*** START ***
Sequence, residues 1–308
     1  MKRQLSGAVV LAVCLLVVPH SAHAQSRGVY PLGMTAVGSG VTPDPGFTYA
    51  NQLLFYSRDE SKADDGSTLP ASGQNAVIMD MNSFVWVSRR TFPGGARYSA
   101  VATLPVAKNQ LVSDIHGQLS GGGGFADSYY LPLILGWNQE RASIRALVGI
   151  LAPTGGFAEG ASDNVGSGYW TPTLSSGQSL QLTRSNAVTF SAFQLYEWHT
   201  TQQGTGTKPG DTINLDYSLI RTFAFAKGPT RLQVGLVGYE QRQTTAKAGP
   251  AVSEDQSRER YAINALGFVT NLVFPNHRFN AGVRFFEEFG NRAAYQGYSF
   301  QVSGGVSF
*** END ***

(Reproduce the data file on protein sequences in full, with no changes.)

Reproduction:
Sequence, residues 1–308
     1  MKRQLSGAVV LAVCLLVVPH SAHAQSRGVY PLGMTAVGSG VTPDPGFTYA
    51  NQLLFYSRDE SKADDGSTLP ASGQNAVIMD MNSFVWVSRR TFPGGARYSA
   101  VATLPVAKNQ LVSDIHGQLS GGGGFADSYY LPLILGWNQE RASIRALVGI
   151  LAPTGGFAEG ASDNVGSGYW TPTLSSGQSL QLTRSNAVTF SAFQLYEWHT
   201  TQQGTGTKPG DTINLDYSLI RTFAFAKGPT RLQVGLVGYE QRQTTAKAGP
   251  AVSEDQSRER YAINALGFVT NLVFPNHRFN AGVRFFEEFG NRAAYQGYSF
   301  QVSGGVSF